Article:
California Ammo Ban Set To Cost Hunters Big Time, Some May Quit Entirely


Environmental regulations that recently went into effect in California are poised to cost hunters hard-earned money, and the increasing costs may even force some to quit their hobby entirely.

Assembly Bill 711 bans the use of lead ammunition in all hunting in the state of California, regardless of the firearm used or the game pursued.

Although the bill was signed into law way back in 2013, the regulations did not need to take full effect until this past July.

The reason for the ban stems from lead’s toxic nature. According to the bill, “many species of wildlife remain threatened by the use of lead ammunition and more protections are needed.”

The United States Fish and Wildlife Service has banned the use of lead shot while hunting waterfowl, but the damaging effect of shotgun lead over wetlands is magnitudes greater than that of lead ammunition used by hunters pursuing deer and other game.

Joe Biden Reportedly Terrified of What's to Come in Hunter's Trial, Causing Staffers to Worry About Psychological Damage

But instead of protecting California’s wildlife, the bill threatens to undermine the very people that steward it.

According to data published in 2014 by Southwick Associates, a market research firm specializing in outdoor recreation, AB 711 looks primed to gut the state’s hunting culture.

In place of relatively cheap lead ammunition, hunters will now have to buy pricey ammo made from alternatives metals.

Alternative rifle ammunition was found to cost between 284 percent and 294 percent higher than standard lead ammo. Hunters using shotguns are in even worse shape, with non-lead shotshell prices found to be a whopping 387 percent more expensive.

Do you use lead ammo when hunting?

Addressing this shocking price difference, the California Department of Fish and Wildlife encourages hunters to “look for deals at your local store.”

Although lead ammo can be used for target practice, the difference in how lead and non-lead bullets perform can often mean optics geared toward one ammo type would need to be rezeroed for other ammunition.

Considering how much time behind the trigger is needed for a hunter to become truly proficient with a firearm, the pricier ammo could easily put hunting out of the financial reach of many.

A whopping 36 percent of hunters said the higher prices would cause them to hunt less or abandon the hobby altogether. This included 13 percent who said they’d stop hunting, 10 percent who were unsure and 23 percent who said they’d probably hunt less.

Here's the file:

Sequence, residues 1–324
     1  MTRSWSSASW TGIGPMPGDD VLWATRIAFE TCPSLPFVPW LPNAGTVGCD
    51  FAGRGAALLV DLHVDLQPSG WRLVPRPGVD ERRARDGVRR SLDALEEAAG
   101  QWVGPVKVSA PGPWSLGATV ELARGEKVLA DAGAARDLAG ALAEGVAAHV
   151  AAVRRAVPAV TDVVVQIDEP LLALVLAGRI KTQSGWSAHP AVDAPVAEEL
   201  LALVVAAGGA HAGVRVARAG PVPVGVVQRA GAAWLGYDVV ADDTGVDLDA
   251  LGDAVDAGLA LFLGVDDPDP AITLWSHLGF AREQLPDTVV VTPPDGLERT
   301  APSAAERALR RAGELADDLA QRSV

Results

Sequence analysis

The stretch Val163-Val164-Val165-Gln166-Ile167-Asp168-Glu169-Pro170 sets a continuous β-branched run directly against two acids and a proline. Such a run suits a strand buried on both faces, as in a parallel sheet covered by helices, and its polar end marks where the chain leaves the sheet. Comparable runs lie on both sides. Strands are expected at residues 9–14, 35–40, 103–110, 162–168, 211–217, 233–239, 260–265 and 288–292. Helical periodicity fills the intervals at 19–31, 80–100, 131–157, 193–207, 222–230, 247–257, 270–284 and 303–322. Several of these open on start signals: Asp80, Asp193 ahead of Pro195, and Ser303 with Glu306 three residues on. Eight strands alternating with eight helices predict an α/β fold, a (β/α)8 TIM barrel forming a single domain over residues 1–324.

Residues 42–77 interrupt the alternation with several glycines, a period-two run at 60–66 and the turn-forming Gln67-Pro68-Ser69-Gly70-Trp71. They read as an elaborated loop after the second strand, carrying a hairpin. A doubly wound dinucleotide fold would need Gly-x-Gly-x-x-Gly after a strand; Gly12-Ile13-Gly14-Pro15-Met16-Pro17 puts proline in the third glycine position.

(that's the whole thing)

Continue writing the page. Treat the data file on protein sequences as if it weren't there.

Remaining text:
And even if hunters are able to afford the pricier ammunition, there’s another stumbling block that could put a damper on hunting season.

Man Stuns Wolf, Muzzles the Suffering Animal and Parades It Around - Things Backfire When He Finally Gets the Attention He Wanted

Production of many alternative types of ammunition is not where it needs to be to supply California hunters.

Southwick Associates found that if there are no changes to the number of hunters statewide, the demand for alternative ammunition is more than the manufacturers will be able to supply.

For instance, the demand for alternative 8 millimeter ammunition would exceed the entire U.S. production capacity for that round by 1,094 percent.

According to the laws of supply and demand, this would increase ammo prices even further.

Responsible hunters form the most basic building block of responsible stewardship of our natural resources.

They keep animal numbers in check while harvesting healthy and natural meat for their families and communities. By hurting these outdoorsmen, California is only shooting itself in the foot.

Truth and Accuracy

Submit a Correction →

We are committed to truth and accuracy in all of our journalism. Read our editorial standards.

, , ,
Jared has written more than 200 articles and assigned hundreds more since he joined The Western Journal in February 2017. He was an infantryman in the Arkansas and Georgia National Guard and is a husband, dad and aspiring farmer.
Jared has written more than 200 articles and assigned hundreds more since he joined The Western Journal in February 2017. He is a husband, dad, and aspiring farmer. He was an infantryman in the Arkansas and Georgia National Guard. If he's not with his wife and son, then he's either shooting guns or working on his motorcycle.
Languages Spoken
Topics of Expertise
Military, firearms, history